This blog has been written by Victoria Cox-Wall, trustee of Bassaleg Community Woodland Trust. Bassaleg is a semi rural village on the outskirts of Newport and I was a Community Councillor here for 4 years.
The village has green corridors and pockets of woodland, plus two public parks, but despite being dominated by verdant farmland and trees, there is no woodland space open to residents. The woodland at Station Approach, once part of the Deer Park of the elegant 17th century Tredegar House, has been partially developed over time but there is one small sliver of woodland, filled with diverse trees, all protected by a Tree Preservation Order and wildlife which meets the criteria for registration as a Site of Interest to Nature Conservation (SINC). This unnamed woodland adjoins Community Council recreation land and a registered Semi Natural Ancient Woodland, known as Garth Wood.
The privately owned woodland is a potential money maker for its owners and having been gated off to the public for years allowing it to deteriorate, plans to build 14 homes were submitted spring of 2015. At this point residents joined together and protested strongly against the plans with a petition, individual letters, stalls at the local market and local press articles, led by fellow trustee Claire Young and myself. The plans were withdrawn on the advice of the planning officer but the Save Our Woodland Group stayed together with a watching brief, knowing the landowners would pursue their investment return. The group also became Bassaleg Community Woodland Trust, a registered charity in England and Wales and members continued to fund raise and develop their knowledge of important policies such as the Local Development Plan and the Wellbeing of Future Generations Act.
Events took an unexpected turn in October 2016 when several nearby residents sounded the alarm via phone and social media that a large brush cutting machine had entered the woodland and was cutting swathes of trees in its path. Over a few hours, we the trustees and other residents had summoned the police, stood in front of the brush cutter forcing it to stop and insisted the local tree officer come to view the dreadful damage. Over 20 mature and healthy trees and many smaller trees had been indiscriminately hacked down, all of them protected and numbered on the Tree Preservation Order of March 2006. None of the wildlife such as the substantial slow worm population had been protected and no doubt they, robins, thrushes, squirrels, the rare Cinnabar and Heath moths, the adders and roosting bats had all been killed. The damage was horrific and no one could explain why such an instruction had been issued to the contractor.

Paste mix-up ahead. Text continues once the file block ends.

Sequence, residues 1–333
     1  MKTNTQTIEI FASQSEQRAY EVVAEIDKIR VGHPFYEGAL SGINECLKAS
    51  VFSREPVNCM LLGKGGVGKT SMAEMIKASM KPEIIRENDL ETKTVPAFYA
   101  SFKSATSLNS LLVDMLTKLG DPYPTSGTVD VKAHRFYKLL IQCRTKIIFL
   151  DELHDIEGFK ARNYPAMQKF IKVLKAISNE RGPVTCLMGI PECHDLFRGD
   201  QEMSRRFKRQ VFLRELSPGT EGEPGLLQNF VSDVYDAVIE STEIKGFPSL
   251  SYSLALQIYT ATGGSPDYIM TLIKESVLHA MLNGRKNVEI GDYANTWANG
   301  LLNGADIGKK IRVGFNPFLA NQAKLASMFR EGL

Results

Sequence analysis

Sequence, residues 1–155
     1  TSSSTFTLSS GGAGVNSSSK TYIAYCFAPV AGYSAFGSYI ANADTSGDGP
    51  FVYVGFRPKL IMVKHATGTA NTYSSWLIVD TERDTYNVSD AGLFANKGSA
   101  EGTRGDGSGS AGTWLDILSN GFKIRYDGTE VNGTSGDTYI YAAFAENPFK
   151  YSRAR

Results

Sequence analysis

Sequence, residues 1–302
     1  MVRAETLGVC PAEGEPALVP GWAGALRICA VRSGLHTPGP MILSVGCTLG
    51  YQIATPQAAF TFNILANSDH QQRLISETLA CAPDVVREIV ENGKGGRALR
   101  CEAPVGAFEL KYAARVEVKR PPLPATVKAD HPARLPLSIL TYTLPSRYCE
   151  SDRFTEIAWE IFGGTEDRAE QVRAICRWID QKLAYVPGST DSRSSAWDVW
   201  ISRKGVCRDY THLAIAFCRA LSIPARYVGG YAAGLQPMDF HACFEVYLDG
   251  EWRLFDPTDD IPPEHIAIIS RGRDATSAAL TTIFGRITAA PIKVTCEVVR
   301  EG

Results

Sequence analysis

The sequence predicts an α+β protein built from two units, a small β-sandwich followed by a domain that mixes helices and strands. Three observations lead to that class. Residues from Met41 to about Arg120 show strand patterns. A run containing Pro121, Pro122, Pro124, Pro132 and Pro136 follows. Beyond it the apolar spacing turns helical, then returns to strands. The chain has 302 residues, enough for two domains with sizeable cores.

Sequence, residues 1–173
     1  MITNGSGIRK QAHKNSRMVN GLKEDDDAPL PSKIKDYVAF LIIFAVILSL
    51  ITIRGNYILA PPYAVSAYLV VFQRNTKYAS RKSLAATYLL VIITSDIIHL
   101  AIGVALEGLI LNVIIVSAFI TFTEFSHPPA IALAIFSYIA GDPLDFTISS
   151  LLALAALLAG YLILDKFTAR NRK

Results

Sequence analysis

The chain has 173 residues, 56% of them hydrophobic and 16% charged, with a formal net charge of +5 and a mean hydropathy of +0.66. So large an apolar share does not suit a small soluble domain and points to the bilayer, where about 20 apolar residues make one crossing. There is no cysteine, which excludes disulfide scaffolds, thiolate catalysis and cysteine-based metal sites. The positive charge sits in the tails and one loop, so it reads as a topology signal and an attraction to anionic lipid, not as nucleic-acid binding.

There was an “investigation” by the city council which concluded the landowner had the authority to fell any or all of the protected trees as they were deemed to be dead, diseased, dying or dangerous. No documentation existed to evidence this and there are still no answers. There is a legal process currently around these events and the charity has been lucky enough to secure both a local solicitor and barrister to act on behalf of the residents to pursue a replanting of the trees lost.
On 5th July 2017, after further petitioning from ourselves, residents, letters and strong pressure from the Community Council, the planning officer refused the re-submitted plans for 11 homes and commented the area would be better as a community woodland. This represents a landmark for both the charity and woodland and could be the first step on the path to a community woodland park.
Obviously, there are appeal processes the landowners may pursue but the residents of Bassaleg will continue to fight to save this woodland, the flora and rare fauna with support from Graig Community Council, City Councillor Cornelious, Harding Evans LLP and Llais Y Goedwig.
Victoria Cox-Wall, Claire Young, Ymddiriedolaeth Basaleg Coetir Cymunedol.
The Tree Charter Principles
We believe in:
Principle 5: Better protection for important trees and woods